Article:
Herein we showed that Immuno-PET monitoring of a 89Zr-tagged monoclonal antibody directed against HER3 (89Zr-GSK2849330) can be used for non-invasive kinetic assessment of the mAb biodistribution in tumors and other organs. In addition, the studies showed that biodistribution of a single dose of 89Zr-GSK2849330 could be monitored non-invasively by PET imaging out to 144 hours. Furthermore, 89Zr-GSK2849330 uptake in tumor and the normalized tumor to blood ratios at 144 hours post injection of 89Zr-GSK2849330 were clearly differentiated between the HER3 expressing CHL-1 and non-expressing MIA-PaCa-2 xenograft tumors.

When blocking the HER3 receptor with a large non-labeled dose of GSK2849330 (50 mg/kg) administered 16 hours before injecting 89Zr-GSK2849330, liver uptake was substantially decreased while blood and CHL-1 xenograft tumor uptake was significantly increased up to 144 hours post injection of 89Zr-GSK2849330. Since the liver has a very low level of HER3 expression[24], the high uptake of 89Zr-GSK2849330 in the liver may be related to the binding of GSK2849330 to the FcγRs receptors since GSK2849330 is an anti-HER3 monoclonal antibody with optimized antibody dependent cell cytotoxicity (ADCC) and complement dependent cytotoxicity (CDC) activity. The gradual temporal increase of 89Zr-GSK2849330 uptake in CHL-1 tumor suggests a significant portion of the uptake was mediated by cellular uptake via internalization[25].

Results of the dose escalation study are consistent with a saturable hepatic uptake process and saturable (target mediated) drug disposition in tumor expressing HER3. All groups showed a high uptake of 89Zr-GSK2849330 in liver, and this uptake decreased significantly when an increasing dose of non-labeled GSK2849330 was administered simultaneously with the 89Zr-GSK2849330 tracer dose. Reduced uptake of 89Zr-GSK2849330 in liver in the presence of excess unlabeled GSK2849330 was associated with increased concentrations of 89Zr-GSK2849330 in blood, which appeared to drive increased concentrations in other organs (which presumably do not possess the saturable uptake process present in liver). In HER3-expressing tumors, the decreased tumor to blood ratio that was observed when 89Zr-GSK2849330 was co-injected with an increasing dose of the non-labeled GSK2849330 was presumably a result of in-vivo competition for the HER3 binding sites.

There have been a number of Immuno-PET preclinical biodistribution studies performed to evaluate antibodies targeting HER3 in human xenograft tumor-bearing mice[2628]. These studies were performed in different tumor cell-lines which present with different tumor biology including HER3 expression level, making it difficult to compare across studies. Interestingly, the uptake of 89Zr-GSK2849330 in the liver was higher than previously reported for other HER3 targeting mAbs, and it exhibited a marked dose dependent uptake suggesting a saturable binding uptake process. This may be a consequence of the Fc-engineering which has been optimized in GSK2849330 to enhance FcγRs interactions and complement activation. Of note, RG7116 is an ADCC enhanced antibody [27] which has shown some dose dependence in the liver, but not to the same degree as observed with GSK2849330. However, GSK2849330 showed similar [27] to higher [28] tumor to blood uptake ratio in HER3 positive expressing xenograft tumors and comparable ratio in HER3 negative expressing xenograft tumors at 144 hours post injection of 89Zr-GSK2849330. These data suggest similar specificity for the various HER3 antibodies in the different human cell derived xenograft tumors. Notably, the uptake of 89Zr-GSK2849330 was similar in all other organs compared to the other antibodies targeting HER3 with the exception of much higher uptake of 89Zr-RG7116 [27] in the spleen compared to 89Zr-GSK2849330.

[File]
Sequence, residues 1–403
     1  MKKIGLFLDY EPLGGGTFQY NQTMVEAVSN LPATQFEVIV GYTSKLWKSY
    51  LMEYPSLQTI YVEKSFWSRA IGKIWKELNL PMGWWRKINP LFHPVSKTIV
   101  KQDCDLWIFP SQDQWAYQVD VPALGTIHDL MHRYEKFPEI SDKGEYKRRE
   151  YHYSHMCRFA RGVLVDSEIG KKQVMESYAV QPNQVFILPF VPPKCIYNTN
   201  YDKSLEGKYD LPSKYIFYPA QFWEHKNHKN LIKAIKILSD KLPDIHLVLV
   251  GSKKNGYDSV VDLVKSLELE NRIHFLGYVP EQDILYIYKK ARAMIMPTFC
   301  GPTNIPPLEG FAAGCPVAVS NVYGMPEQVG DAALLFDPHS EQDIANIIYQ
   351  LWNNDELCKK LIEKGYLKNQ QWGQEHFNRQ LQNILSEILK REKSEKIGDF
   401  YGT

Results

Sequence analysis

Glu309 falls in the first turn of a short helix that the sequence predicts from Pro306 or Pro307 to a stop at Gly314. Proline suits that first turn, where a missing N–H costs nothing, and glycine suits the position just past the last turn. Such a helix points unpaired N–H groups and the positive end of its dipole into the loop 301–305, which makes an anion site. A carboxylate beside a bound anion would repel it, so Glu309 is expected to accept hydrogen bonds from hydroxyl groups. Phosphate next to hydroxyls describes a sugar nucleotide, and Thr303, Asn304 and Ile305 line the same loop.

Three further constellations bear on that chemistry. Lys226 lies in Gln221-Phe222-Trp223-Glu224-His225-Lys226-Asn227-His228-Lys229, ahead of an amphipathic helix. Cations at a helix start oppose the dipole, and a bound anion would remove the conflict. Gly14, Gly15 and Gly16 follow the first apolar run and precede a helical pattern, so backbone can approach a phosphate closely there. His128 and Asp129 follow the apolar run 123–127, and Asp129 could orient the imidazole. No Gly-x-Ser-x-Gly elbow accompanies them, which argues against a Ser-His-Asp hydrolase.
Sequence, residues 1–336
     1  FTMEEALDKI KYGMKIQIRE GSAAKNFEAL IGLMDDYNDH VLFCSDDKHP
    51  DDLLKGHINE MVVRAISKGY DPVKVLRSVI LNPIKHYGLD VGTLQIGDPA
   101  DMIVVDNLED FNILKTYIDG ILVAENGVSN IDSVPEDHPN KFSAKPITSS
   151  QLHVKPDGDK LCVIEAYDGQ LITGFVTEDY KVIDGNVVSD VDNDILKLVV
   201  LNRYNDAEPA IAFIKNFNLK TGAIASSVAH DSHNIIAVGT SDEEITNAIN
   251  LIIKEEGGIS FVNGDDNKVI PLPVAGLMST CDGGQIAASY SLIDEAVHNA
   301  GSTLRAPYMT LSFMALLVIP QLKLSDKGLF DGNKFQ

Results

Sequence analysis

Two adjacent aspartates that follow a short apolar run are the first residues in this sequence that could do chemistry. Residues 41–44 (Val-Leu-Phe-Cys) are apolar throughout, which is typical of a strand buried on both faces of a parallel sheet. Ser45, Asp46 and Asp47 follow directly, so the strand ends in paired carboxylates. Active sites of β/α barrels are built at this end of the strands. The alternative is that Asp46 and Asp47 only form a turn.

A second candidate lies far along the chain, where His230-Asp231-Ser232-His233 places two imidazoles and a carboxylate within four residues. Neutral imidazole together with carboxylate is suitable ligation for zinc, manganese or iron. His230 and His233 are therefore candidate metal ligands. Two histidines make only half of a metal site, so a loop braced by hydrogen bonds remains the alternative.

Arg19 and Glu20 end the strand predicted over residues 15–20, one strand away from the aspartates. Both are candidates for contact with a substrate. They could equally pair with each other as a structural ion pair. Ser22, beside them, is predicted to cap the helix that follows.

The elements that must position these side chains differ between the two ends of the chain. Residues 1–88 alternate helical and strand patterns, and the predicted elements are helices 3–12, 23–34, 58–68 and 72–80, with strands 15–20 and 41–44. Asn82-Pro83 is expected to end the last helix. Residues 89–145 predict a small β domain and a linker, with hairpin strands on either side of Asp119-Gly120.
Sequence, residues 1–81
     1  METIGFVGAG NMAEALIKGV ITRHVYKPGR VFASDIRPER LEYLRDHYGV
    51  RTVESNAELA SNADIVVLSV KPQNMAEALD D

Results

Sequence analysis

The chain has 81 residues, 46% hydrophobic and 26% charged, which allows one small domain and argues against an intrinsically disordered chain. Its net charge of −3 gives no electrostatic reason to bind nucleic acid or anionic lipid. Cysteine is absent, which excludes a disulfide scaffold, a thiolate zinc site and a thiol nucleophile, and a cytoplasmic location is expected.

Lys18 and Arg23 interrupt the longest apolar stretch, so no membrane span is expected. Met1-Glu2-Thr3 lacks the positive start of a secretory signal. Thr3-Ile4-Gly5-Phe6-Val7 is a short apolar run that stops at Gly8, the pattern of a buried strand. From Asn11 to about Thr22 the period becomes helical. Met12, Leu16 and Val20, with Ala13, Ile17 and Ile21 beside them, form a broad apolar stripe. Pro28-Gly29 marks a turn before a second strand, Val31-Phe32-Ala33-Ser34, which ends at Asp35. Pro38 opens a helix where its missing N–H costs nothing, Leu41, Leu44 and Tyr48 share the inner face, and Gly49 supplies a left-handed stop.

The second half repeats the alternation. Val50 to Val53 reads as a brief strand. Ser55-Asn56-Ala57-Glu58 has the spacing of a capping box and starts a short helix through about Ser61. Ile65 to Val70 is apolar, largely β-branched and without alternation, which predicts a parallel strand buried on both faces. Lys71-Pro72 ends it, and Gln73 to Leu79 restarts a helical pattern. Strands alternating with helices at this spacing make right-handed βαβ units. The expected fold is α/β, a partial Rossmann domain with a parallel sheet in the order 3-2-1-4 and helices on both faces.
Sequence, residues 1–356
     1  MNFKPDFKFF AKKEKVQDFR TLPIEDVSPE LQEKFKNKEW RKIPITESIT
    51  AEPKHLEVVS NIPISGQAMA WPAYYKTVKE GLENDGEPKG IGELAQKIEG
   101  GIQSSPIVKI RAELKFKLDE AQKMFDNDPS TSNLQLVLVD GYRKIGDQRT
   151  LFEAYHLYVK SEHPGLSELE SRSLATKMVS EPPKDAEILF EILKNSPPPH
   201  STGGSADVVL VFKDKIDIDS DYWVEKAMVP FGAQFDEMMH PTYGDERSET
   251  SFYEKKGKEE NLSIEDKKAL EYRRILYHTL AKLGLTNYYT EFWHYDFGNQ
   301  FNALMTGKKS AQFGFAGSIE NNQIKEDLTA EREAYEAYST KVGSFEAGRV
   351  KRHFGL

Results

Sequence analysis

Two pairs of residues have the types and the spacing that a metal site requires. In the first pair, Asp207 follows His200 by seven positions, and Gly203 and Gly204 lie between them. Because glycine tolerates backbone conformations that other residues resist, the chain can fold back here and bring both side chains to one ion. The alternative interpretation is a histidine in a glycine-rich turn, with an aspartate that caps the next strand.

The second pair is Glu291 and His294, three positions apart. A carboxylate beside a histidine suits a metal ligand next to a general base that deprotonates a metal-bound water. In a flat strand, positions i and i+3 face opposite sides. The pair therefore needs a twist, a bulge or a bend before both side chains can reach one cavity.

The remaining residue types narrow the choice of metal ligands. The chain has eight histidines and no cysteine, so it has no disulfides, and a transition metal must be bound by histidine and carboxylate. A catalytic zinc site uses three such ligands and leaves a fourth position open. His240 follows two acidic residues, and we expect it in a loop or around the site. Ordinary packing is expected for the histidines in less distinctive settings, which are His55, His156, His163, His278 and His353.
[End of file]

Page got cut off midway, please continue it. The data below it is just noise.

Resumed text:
The optical imaging study was performed in BxPC3 human pancreatic xenograft mouse model as a second HER3 positive xenograft tumor. Again, the data showed a dose dependence of GSK2849330 in tumor, and the uptake of the fluorescently labeled GSK2849330 was significantly greater in the high dose group. This finding confirmed the results from the previous biodistribution study using 89Zr-GSK2849330. The blocking dose (50 mg/kg) of the non-labeled GSK2849330 given 24 hours prior to the fluorescently labeled GSK2849330 significantly decreased the tumor uptake at 96 hours when compared to the non blocking group. However, the effect of the blocking dose was observable in the 89Zr-GSK2849330 experiment only after normalizing the tumor to blood ratio. This difference in observation between experiments could be related to the difference in HER3 level expression, and the vascular density in the CHL-1 versus the BxPC3 xenograft tumor[29, 30]. Additionally, there may be differences in residualization and/or internalization properties between the VivoTag 680 optical and the Zirconium-89 nuclear tags used to label GSK2849330[25, 30, 31].

Our observations at the cellular level showed that tumor and tissue uptake was rapid: fluorescently labeled GSK2849330 was detected by confocal microscopy in the cytoplasm of CHL-1 tumor cells within 30 minutes of injection. High accumulation in particular cells within the connective stromal tissue was observed. A similar pattern, but with lower signal intensity was observed in animals treated with labeled IgG control antibody. However, GSK2849330 showed a specific cytoplasmic punctate staining pattern within individual CHL-1 cells, while the IgG treated animals did not. As the localization of both the IgG and the GSK2849330 was observed within the cells of the stroma, it may suggest that the uptake by these cells was most likely due to FcγRs interaction, and further evaluation would be warranted to determine this cellular composition. The distinct punctate cytoplasmic localization observed within the tumor cells closely resembled that observed in in-vitro studies (data not shown) using cultured CHL-1 cells incubated with labeled GSK2849330 which was internalized and co-localized within endosomes after only 15 minutes, suggesting that this also is a result of antibody binding of the HER3 receptor and subsequent internalization. Time points out to and including 24 hours post injection showed similar results. Notably at early time points (30 minutes and 1 hour), specific labeling of CHL-1 cells tended to be localized to those cells in close proximity to the stroma and associated vasculature as in many instances cells located a greater distance from these vessels had little or no visible label.